Thought of himself as ‘the Patriot King’
Andrew Roberts wrote what is probably the best one-volume bio of Winston Churchill; walking with destiny. His latest book rehabilitates King George III as a wise, humane and even enlightened constitutional — but hands on! — monarch. A patron of the arts, well read, abstemious, a fitness buff, and — unusual for the time — faithful to his wife.
The Last King of America; the Misunderstood Reign of George III tells the story of the wrongly vilified (in America) king.
Florid of face and bug-eyed, loved by his people (most of the time), George III reigned for 59 years, a record exceeded by his grand-daughter Victoria and gr-gr-gr-great grand daughter Elizabeth II. And ruled as a constitutional monarch, except during four (maybe five) periods of debilitating insanity — some of which confined him to a straitjacket. In one episode, he spoke non-stop for 25 hours. They were caused, not by porphyria but by manic depression, Roberts argues.
This is a king who fought the American Revolution, guided Britain past the French guillotine, and battled Napoleon — several times girding for invasion of the home islands. Who purchased Buckingham House (later Palace) but was parsimonious, unlike his debt-ridden son— an alcoholic, priapic gambler.
George 3 was called, approvingly, “Farmer George” for his promotion of scientific agriculture. When told that victorious General Washington would return to his farm, the King exclaimed that “If he does that, he will be the greatest man in the world.”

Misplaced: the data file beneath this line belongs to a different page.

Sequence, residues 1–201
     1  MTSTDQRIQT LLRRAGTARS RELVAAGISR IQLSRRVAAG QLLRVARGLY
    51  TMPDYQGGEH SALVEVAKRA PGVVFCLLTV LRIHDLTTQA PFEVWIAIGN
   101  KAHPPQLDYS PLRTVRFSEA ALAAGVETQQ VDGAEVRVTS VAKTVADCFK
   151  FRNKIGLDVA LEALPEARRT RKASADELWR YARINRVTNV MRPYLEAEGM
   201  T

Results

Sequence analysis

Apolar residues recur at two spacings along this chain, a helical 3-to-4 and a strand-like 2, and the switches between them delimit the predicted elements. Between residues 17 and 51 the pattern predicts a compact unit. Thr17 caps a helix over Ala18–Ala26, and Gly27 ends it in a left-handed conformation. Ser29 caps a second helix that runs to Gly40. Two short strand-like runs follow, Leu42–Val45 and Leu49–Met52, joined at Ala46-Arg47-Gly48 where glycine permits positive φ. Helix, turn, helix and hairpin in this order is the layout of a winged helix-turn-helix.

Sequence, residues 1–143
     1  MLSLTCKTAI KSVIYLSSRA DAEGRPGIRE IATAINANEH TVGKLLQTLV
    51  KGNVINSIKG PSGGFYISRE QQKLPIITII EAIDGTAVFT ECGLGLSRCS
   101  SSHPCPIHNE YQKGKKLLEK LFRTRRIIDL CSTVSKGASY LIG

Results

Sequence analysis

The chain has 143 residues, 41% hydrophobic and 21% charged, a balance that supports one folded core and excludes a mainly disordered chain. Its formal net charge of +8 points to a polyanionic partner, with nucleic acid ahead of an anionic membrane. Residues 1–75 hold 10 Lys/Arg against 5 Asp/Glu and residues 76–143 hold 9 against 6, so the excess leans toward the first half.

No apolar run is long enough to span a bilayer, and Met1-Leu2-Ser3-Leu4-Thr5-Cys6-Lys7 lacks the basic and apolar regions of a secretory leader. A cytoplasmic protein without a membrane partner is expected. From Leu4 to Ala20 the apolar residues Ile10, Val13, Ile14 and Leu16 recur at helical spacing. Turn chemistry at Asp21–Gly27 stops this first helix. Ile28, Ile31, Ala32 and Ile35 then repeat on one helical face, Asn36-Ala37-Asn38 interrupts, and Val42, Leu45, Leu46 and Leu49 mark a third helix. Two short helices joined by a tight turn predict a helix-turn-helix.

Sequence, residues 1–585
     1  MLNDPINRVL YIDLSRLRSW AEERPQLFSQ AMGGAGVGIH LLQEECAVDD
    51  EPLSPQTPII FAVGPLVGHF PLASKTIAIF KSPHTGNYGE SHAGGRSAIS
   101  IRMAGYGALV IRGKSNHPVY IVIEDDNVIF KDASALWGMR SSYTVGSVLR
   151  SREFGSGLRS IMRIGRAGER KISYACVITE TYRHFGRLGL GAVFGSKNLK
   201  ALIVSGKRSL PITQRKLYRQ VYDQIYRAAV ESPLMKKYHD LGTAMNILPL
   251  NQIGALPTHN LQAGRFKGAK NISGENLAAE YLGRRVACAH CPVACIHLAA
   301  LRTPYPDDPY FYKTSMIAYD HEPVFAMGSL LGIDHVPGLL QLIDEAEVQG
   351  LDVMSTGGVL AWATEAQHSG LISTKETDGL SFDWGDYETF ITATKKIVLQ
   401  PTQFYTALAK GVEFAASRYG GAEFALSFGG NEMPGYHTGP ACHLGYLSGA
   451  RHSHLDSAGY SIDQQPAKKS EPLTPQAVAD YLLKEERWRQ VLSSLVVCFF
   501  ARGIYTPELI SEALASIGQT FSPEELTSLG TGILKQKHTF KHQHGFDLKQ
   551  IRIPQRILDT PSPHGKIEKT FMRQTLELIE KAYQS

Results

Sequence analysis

The author (somewhat laboriously) refutes as wartime propaganda all but two of the 28 “crimes” alleged against the king by the Declaration of Independence. “In breath-taking gall, Jefferson even blamed the slave trade on George.” Roberts quotes John Adams to later say “I never believed George to be a tyrant in disposition or nature.”
As for the Stamp Act, Britain had, after all, defended colonial adventurers like Dan’l Boone from France in the Seven Years’ War and thought the beneficiaries should share the cost. At one point during the subsequent war for independence, George offered the revolutionaries local self-government (including the power of taxation) and seats in Parliament, asking only control over foreign policy. By then, it was too late. America was hellbent on independence.
Magnanimous with an eye to history
Accepting defeat in 1783, George told Parliament, “We shall reap more advantages from their trade as friends than ever we could derive from them as colonies.” Vladimir Putin should read this book. George III did not thirst for blood or revenge. Roberts writes:
Benjamin Franklin was credited with making the genuinely witty remark that ‘We must all hang together or, most assuredly we shall all hang separately.” In fact, the British never had any intention of behaving in that way … Franklin and the other signatories were in little or no danger of being hanged in the event of defeat unless they had fallen into the hands of Loyalist partisans.
More than Mike Pence can say!
In announcing Britain’s capitulation, George hoped that “Religion, language, interest, affections may, and I hope will, yet prove a bond of permanent union between the two countries.”
Blaska’s Bottom Line: Any understanding of America’s independence is incomplete without understanding George III.